Supply-side reform calls for new system

Updated: 2016-01-22 09:27

By Winston Wang(China Daily)

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Supply-side reform calls for new system


Given China's current economic conditions, a large-scale stimulus to strengthen the demand side will not help mitigate the downward economic pressure; instead, it will exacerbate its overproduction and environmental degradation problems.

And since the problems China faces are not short term, cyclical or caused by external factors, the use of methods focused on demand management cannot eradicate them from the roots. The need, therefore, is to address the problems that are putting added medium-and long-term structural and internal pressures on its healthy and sustained economic development.

Like two sides of a coin, supply and demand constitute two parts of the theoretical base of economics. As two modern practices of supply-side economics, "Reaganomics and Thatcherism" (the economic policies of former US president Ronald Reagan and former British prime minister Margaret Thatcher) once realized success in economic reforms through tax cuts, privatization of state-owned enterprises and reduced government intervention in the market.

But since China has achieved economic success by sticking to its own development path, its current push for supply-side reform is not-meant to duplicate Western practices; rather it is focused on how to power economic growth and push for innovation-driven development by comprehensively deepening reform.

With the push for the supply-side structural reform, China aims to double its GDP by 2020 from the 2010 level, which means achieving an annual economic growth of 6.5 percent or more. The pursuit of a higher quality and more efficient supply system is actually a continuation of the efforts the Third Plenum of the 18th Communist Party of China Central Committee vowed in November 2013 to make for "comprehensive and deepened reform".

The core of supply-side reform is structural reform whose key task is to streamline enterprises and promote industrial adjustment through optimization of the internal structure which involves technologies, brands, quality and services. By curbing overcapacity, helping enterprises lower their costs, reducing real estate inventories and preventing financial risks, China can realize a long-anticipated industrial structural adjustment.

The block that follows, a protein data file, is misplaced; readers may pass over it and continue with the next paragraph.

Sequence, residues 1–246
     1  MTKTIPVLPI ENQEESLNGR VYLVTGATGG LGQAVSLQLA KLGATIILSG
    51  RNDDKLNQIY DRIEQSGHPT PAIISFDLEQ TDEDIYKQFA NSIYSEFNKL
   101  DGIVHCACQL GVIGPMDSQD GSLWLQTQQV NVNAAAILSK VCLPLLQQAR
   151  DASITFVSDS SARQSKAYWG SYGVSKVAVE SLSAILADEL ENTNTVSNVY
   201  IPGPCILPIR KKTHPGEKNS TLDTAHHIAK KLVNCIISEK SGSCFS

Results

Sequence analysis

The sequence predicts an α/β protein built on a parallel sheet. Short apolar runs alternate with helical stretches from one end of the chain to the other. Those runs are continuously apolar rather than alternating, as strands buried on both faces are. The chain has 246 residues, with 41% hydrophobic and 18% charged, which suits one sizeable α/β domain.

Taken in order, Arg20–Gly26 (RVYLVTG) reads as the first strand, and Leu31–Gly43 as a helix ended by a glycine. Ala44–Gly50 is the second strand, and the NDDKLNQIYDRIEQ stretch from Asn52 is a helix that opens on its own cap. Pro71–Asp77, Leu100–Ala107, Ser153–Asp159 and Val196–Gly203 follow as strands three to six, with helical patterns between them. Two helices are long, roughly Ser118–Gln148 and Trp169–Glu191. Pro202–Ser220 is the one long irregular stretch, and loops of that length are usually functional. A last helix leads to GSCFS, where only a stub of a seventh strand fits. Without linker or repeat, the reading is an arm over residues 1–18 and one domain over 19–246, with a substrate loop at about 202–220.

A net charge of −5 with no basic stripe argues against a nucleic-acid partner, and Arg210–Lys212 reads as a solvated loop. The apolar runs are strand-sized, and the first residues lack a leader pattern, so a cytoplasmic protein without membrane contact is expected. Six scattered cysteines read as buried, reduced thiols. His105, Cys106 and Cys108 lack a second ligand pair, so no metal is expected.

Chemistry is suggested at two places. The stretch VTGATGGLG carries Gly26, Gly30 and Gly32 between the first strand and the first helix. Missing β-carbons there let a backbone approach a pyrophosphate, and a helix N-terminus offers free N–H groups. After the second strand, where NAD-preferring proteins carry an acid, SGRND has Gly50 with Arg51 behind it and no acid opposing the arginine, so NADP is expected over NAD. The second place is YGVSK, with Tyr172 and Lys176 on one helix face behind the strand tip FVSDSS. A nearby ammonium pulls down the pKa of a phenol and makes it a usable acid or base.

Supply-side reform is not only industrial structural reform. From a long-term perspective, it will focus more on issues such as the workforce, land, capital and innovation. For example, by reforming the family planning policy to allow all couples to have two children, the authorities hope to add 2 million more children to the population every year and thus increase consumption by 70 billion yuan ($10.64 billion), which as a new-demographic dividend can become a driver of China's economic growth.

The reform of hukou (household registration system) and the real estate sector aimed at promoting trans-regional flow of personnel is expected to help about 100 million more people settle down in cities and towns, which will help push forward China's urbanization drive and increase supplies. The land reform to allow the transfer of rural land-use rights on a trial basis also has huge potential for the utilization of rural land for market dividends under the purview of law.

The key to successful "supply-side reform" lies in systematic innovation. But such an internal and structural systematic innovation and reform are usually a difficult and complicated task. So, economic growth should not be the only target of reform. The effects of reform are also related to such systematic factors as whether some substantial improvements are made in governance, market operation and the rule of law.

The public-private partnership, as an important component of the ongoing effort to facilitate supply-side reform, is yet to be reformed. And the different ways different departments see the reform will have negative influences on the market. The disadvantages that private capital faces in competing with State capital, partly because of their relationships with the government and their different financing capability, could make many aspects of the public-private partnership go against China's original intention of according private players a larger playing field. Like the Belt and Road Initiative, the push for supply-side reform is also vital for China to avoid the "middle-income trap". And the two initiatives together will contribute to the realization of the Chinese Dream for the Chinese people.

The author is a member of China Society of Economic Reform.